How the UK Government Came to Rely on Private Firms
Carillion’s demise was on the cards from as long ago as 2016; their failed merger with Balfour Beatty waved a very public red flag, showing that not everything was working as it should. Their rapid growth through acquisition over a decade had sucked in valuable management time, and acquisitive integrations had taken more of a toll on the company than many predicted. Margins were tight, with 2016 showing a profit of £146m on sales of £4bn, just a 3.6% profit. This meant they were extremely vulnerable to failed projects and defaulting debtors. With debts of £1bn and a pension deficit of £600m, it was only a matter of time before a company that was on the cusp of being ‘too big to fail’ succumbed to market pressures and was put into liquidation.
Over the years, the UK Government came to rely on just a few large firms (Capita, Serco, G4S etc) and they have all had their ups and downs, with some very public failings. From construction faults in Scottish schools that impacted thousands of schoolchildren to G4S’s inability to provide security for the 2012 Olympics, from Virgin Care’s threatened lawsuit against the NHS after losing out on a contract to delays in much-needed hospital construction the private sector’s inability to deliver has occasionally led to widespread condemnation.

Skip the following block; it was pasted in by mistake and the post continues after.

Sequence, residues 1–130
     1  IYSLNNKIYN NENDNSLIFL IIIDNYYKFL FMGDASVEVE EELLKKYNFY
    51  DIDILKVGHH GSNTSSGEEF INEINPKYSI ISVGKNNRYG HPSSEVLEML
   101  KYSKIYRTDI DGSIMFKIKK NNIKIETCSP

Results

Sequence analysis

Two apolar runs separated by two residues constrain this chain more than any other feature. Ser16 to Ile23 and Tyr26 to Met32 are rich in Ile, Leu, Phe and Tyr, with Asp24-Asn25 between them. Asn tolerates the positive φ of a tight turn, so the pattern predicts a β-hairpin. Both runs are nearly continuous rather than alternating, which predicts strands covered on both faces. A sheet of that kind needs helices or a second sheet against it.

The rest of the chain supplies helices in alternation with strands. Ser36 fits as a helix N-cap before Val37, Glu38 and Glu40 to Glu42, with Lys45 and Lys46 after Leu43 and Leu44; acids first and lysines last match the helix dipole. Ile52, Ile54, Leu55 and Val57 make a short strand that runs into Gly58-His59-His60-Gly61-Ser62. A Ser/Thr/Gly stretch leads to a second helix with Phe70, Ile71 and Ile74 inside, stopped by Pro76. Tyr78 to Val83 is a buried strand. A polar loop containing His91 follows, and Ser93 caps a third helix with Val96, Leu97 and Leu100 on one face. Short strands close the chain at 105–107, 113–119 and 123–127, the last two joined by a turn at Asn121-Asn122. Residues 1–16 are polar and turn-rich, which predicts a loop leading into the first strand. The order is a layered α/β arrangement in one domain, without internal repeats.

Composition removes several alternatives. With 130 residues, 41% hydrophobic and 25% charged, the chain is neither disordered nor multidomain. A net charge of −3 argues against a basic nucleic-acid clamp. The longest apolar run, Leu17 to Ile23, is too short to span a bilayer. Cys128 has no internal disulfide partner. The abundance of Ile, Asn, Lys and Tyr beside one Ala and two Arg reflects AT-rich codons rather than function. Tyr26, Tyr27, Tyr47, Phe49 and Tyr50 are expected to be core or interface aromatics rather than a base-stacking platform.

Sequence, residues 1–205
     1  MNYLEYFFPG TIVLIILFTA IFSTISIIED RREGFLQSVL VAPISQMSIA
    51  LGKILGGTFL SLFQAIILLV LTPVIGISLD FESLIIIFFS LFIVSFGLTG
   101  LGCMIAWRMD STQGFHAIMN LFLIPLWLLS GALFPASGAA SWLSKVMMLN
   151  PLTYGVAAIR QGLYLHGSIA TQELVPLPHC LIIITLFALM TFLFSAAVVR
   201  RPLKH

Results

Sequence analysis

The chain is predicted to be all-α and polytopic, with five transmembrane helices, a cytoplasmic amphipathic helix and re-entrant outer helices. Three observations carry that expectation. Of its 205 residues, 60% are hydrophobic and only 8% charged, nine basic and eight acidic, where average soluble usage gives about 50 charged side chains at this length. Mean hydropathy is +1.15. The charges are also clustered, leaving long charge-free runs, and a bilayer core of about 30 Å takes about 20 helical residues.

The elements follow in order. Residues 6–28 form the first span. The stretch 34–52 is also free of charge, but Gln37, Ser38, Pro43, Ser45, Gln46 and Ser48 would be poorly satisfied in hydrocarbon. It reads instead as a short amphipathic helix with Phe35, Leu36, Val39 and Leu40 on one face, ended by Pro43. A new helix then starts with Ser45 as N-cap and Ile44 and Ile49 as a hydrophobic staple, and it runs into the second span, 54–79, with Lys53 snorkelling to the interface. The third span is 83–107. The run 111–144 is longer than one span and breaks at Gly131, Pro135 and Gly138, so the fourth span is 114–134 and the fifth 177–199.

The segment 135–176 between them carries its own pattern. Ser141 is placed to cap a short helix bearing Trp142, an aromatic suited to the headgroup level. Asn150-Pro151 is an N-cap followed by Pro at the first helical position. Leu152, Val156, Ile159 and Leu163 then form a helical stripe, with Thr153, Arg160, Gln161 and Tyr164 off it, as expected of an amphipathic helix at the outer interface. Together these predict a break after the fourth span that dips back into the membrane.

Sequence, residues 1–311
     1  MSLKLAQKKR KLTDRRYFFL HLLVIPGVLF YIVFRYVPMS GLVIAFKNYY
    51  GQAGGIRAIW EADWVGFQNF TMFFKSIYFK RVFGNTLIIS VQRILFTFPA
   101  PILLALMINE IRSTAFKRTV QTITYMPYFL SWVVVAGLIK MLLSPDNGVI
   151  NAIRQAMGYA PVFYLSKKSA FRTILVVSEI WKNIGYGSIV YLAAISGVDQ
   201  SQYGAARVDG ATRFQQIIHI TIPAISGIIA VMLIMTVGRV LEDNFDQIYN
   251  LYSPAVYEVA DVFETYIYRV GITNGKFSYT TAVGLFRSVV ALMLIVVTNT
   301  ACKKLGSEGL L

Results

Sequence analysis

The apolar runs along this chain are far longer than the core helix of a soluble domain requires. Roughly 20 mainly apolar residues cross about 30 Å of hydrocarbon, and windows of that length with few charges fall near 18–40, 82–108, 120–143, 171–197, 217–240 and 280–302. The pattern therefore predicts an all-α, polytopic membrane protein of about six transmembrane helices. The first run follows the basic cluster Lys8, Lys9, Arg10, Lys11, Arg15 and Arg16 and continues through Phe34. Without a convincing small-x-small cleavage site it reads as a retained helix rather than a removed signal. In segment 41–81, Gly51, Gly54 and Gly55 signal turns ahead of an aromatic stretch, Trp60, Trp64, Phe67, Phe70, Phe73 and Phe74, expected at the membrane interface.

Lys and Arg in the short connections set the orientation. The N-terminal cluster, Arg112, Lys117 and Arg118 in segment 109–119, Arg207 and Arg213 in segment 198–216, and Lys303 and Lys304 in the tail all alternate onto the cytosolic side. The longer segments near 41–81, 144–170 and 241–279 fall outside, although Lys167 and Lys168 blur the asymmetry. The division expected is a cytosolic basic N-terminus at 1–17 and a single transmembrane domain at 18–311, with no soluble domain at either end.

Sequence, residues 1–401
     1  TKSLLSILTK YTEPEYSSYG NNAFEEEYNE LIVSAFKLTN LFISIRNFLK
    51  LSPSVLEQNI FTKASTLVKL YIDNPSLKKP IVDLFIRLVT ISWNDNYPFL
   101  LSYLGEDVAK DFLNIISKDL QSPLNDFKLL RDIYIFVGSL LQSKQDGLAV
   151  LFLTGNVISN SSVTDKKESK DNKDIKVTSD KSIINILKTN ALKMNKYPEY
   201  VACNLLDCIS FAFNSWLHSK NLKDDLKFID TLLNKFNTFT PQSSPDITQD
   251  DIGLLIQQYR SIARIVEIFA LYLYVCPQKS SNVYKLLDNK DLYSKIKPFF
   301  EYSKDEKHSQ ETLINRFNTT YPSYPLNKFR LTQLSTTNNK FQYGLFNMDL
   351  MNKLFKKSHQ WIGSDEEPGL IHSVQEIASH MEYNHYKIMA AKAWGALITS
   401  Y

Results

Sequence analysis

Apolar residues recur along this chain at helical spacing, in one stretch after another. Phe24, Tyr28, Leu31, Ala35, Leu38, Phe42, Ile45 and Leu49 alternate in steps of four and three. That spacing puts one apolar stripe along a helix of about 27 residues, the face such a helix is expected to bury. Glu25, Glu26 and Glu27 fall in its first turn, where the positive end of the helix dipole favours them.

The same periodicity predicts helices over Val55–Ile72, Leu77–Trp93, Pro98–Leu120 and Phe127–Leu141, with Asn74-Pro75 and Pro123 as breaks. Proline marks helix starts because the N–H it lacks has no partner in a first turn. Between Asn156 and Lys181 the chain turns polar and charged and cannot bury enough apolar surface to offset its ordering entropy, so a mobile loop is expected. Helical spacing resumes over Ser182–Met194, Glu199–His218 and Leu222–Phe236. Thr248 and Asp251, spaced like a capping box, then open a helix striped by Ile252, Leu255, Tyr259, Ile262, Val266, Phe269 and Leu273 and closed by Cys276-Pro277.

Now, post-Carillion, unsteadiness persists among the big firms. Capita, which provides services to both public (NHS, MoD) and private sector (Co-op, Three mobile) needs a total financial restructuring of debt; while Interserve, is having its finances closely monitored by the Cabinet Office.”
Serco, meanwhile—a public service provider which manages prisons, the Yarl’s Wood detention centre, and healthcare facilities, and which provides support services to the military—has been flagged as a “high-risk” client by an offshore firm , and Mitie, which is contracted by the government for social housing services, an immigration detention centre at Heathrow, and roof repairs at the Palace of Westminster, has issued a series of profit warnings and is in the midst of a restructuring plan. It is worth noting, however, that some of the largest firms do have rosier outlooks, among them G4S, Kier, and Balfour Beatty. 
If all the risks and controversies surrounding PFI have suddenly crystallised into something singular and unignorable with the Carillion collapse, this moment still doesn’t spell its end. As former Audit Commission Director David Walker notes, “Whitehall departments, councils and other public bodies simply don’t have the capacity to take over the IT, facilities management and service commitments embedded in many PFIs.”  And they don’t have the cash, either. “Contracting out and public-private partnerships are still very much in the government’s thinking as ministers wrestle with another 10 years of tough spending reviews.”